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Music as a tool for diplomacy: from Jazz to Hip-Hop

by on May 15, 2014

From the mid 1950’s to the mid 1960’s the United States Government promoted Jazz tours by famous musicians such as Louis Armstrong and Benny Godman in order to fight communist ideas, at the same time the try to avoid social conflict relating both international conflicts, including the Cuban missile crisis or the war of Vietnam, and domestic issues like racism and class inequalities.[1]

Music Diplomacy 1

The success of the so-called, Jazz Diplomacy, was key when deciding to use a similar method for the war against terror, and Hip Hop Diplomacy was then born. The Hip-Hop Diplomacy was put into place in 2005, soon after the riots in France, the US government was concerned that Europe was unable to integrate minorities and that may pose a security risk. To respond to that new risk the State Department sent rappers, dancers and DJs not only to Europe but also to some countries in Africa, Asia and the Middle East.[2]

The first of these cultural envoys was Toni Blackman, who does not only promote a set of values, bringing people together being at the core, wherever she goes, more than twenty-eight countries now, but also globally through a personal blog in which she shares her experience on being a ‘Lyrical Ambassador’.[3]

(Video: TED talk by Toni Blackman)

 

On what a Hip-Hop or Lyrical Ambassador does, it includes lectures, workshops and performances, often in collaboration with local artists, to promote the what the sending country has to offer, in this case, the US promotes freedom and the importance of creating cultural bridges. [4]

(Video Toni Blackman in DRC)

 

The origins of the hip-hop diplomacy are in hip-hop itself. During the decade of the 1990’s some artist used their lyrics to promote Muslim extremism, resulting in many young people in the West converting and moving to Middle East Countries. The fact that the Sate Department decided to control hip-hop with hip-hop is, at least ironic, however it has proven quite effective; in the words of former Secretary of State Hilary Clinton, Hip Hop is America.

Hip-hop has traditionally been linked with social or political protest, the latest example was the Arab Spring, named by the French media “le printemps des rapeurs” – the Spring of the rappers – and it is true that it played a fundamental role in both Tunisia and Syria. The counter argument provided by Al-Jazeera uses countries such as Morocco or Algeria as examples of nations where hip-hop is extremely popular and yet there have no been revolutions.

Some academics argue that rap has spread by itself, and US efforts are more oriented towards control than towards promotion, in any case statistics show how US approval rates grow in areas targeted by hip-hop diplomacy.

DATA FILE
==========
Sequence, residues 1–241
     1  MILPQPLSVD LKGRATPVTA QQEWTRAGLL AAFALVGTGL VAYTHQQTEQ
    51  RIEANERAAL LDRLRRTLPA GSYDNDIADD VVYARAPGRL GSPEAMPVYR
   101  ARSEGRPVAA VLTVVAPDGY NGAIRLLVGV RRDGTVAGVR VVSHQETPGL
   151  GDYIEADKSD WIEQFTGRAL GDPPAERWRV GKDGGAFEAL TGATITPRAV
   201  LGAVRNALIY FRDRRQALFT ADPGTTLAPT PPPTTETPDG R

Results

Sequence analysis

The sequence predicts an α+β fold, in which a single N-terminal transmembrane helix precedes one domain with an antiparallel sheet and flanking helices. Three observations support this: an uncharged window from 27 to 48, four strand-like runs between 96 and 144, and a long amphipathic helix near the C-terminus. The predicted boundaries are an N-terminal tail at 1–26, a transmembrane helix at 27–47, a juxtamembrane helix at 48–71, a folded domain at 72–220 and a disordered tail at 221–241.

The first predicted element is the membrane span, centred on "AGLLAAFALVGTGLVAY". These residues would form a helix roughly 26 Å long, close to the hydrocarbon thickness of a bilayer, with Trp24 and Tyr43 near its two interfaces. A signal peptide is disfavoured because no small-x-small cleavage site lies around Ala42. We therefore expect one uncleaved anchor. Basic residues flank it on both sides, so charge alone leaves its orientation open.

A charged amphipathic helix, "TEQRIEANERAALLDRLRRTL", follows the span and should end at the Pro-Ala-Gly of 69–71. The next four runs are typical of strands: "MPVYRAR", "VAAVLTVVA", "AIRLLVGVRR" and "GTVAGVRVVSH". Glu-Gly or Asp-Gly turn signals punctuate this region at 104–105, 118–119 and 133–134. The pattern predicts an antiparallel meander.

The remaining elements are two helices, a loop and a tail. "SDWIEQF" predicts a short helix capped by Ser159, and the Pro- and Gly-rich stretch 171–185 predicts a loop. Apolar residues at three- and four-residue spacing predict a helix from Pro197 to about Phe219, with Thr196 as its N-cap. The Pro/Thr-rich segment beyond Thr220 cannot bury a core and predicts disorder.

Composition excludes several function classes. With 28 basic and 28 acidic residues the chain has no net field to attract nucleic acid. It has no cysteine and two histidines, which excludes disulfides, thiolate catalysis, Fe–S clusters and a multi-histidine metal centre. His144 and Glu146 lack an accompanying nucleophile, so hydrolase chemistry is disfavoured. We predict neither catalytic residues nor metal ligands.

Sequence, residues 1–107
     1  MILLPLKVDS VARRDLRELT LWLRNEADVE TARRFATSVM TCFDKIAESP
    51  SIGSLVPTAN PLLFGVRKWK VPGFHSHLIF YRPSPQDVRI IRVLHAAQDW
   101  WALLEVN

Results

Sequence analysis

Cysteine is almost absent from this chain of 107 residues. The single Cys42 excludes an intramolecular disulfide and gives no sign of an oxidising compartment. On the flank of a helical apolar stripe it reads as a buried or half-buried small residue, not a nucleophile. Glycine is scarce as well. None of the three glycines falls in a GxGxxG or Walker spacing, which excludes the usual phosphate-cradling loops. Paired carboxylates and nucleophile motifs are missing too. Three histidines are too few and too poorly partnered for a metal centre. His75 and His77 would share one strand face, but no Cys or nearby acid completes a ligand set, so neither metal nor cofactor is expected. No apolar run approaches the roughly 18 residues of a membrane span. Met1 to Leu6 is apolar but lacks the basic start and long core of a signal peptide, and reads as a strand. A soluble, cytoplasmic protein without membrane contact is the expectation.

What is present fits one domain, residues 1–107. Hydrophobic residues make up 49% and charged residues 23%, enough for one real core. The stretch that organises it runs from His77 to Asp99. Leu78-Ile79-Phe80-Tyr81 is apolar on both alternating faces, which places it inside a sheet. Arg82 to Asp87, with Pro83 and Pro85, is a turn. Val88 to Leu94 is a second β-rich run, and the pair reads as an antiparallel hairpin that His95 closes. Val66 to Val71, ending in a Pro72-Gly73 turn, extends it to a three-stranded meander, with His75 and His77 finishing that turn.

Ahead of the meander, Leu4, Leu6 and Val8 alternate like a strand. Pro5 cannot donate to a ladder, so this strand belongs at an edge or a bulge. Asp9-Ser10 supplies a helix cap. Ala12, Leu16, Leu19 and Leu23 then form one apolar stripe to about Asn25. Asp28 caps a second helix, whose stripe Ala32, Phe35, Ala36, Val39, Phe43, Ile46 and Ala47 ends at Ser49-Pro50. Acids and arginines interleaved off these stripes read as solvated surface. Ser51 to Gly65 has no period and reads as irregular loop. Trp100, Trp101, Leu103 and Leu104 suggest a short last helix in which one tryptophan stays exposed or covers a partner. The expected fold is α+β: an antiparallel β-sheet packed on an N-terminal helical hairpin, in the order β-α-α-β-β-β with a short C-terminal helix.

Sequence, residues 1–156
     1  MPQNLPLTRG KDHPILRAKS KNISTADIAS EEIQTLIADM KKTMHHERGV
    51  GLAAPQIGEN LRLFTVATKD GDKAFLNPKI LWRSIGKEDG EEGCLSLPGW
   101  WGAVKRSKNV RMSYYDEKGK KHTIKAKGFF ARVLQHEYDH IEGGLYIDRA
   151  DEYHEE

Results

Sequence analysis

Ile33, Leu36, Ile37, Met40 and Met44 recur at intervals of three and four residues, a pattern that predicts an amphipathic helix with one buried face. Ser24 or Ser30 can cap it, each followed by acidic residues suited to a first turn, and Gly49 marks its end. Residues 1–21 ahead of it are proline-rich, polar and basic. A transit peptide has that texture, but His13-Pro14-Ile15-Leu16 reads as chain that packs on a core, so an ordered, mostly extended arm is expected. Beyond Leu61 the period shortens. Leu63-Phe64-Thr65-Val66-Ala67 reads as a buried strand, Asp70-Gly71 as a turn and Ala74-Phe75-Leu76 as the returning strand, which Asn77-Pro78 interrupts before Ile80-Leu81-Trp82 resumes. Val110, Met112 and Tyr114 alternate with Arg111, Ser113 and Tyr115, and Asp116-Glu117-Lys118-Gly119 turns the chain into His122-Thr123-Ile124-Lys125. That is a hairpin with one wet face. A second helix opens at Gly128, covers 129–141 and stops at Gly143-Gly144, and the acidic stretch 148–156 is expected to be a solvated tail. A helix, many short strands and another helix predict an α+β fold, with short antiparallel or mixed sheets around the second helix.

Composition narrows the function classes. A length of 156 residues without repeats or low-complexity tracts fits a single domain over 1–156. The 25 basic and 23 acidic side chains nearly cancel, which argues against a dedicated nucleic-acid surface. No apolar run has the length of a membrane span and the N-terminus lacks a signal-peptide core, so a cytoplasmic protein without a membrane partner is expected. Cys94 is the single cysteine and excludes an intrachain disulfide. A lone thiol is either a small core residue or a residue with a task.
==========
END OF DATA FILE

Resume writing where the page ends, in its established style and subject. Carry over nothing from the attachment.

In Europe the responses have varied, some forms of hip-hop are highly criticised by government officials and academics that consider them to promote violent and conflict. Some administrations, mainly in the United Kingdom, Germany and the Netherlands, have decided to ‘combat fire with fire’ and are now funding national rappers who promote a moderate view of Islam. [5]

Music Diplomacy 2

To conclude, music diplomacy evolves with time in music style as well as in targets, nevertheless it does not lose its effectiveness. The question is what is so special about music that has such a positive effect, considering there are very few elements of diplomacy that work as good nowadays as they did in the 1950s. According to Farah Pandith, former special representative of the US government to Muslim communities, music is a lingua franca, in particular for young people; as opposed to other forms of art like literature or pictorial art that are intended for an older population, music is consumed massively by teenagers and young people around the world, explaining why Music Diplomacy keeps providing excellent results,

 

[1] http://www.upress.state.ms.us/books/1169

[2] http://www.foreignaffairs.com/articles/141190/hisham-aidi/hip-hop-diplomacy

[3] http://toniblackman.wordpress.com/about/

 

[4]http://www.forbes.com/sites/ruthblatt/2014/02/26/hip-hop-puts-america-in-a-good-light-through-the-state-departments-cultural-ambassador-program/

 

[5] http://www.alternet.org/story/153662/hip-hop_diplomacy_how_the_state_department_uses_rap_to_spread_propaganda_abroad

www.aljazeera.com/indepth/opinion/2011/10/2011103091018299924.html

http://www.theatlantic.com/international/archive/2014/03/americas-hip-hop-foreign-policy/284522/

 

 

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3 Comments
  1. This is a great blog, which links well to the topic of public diplomacy and global communication. Music diplomacy alongside historical events is an engaging and interesting topic, alongside visually appealing illustrations, an interesting TED talk video and is well structured. 🙂

  2. carlacds permalink

    Thank you very much for your comment, I am glad you like it

  3. This is a good post. Its true that Hip Hop has in its its origins political dissidence however there is also much aression these days especially in France. The question I would ask is ‘are American Politicians trying to exploit Hip Hop as a soft power, even though it originated in opposition to the ruling elites and in the main still is?’

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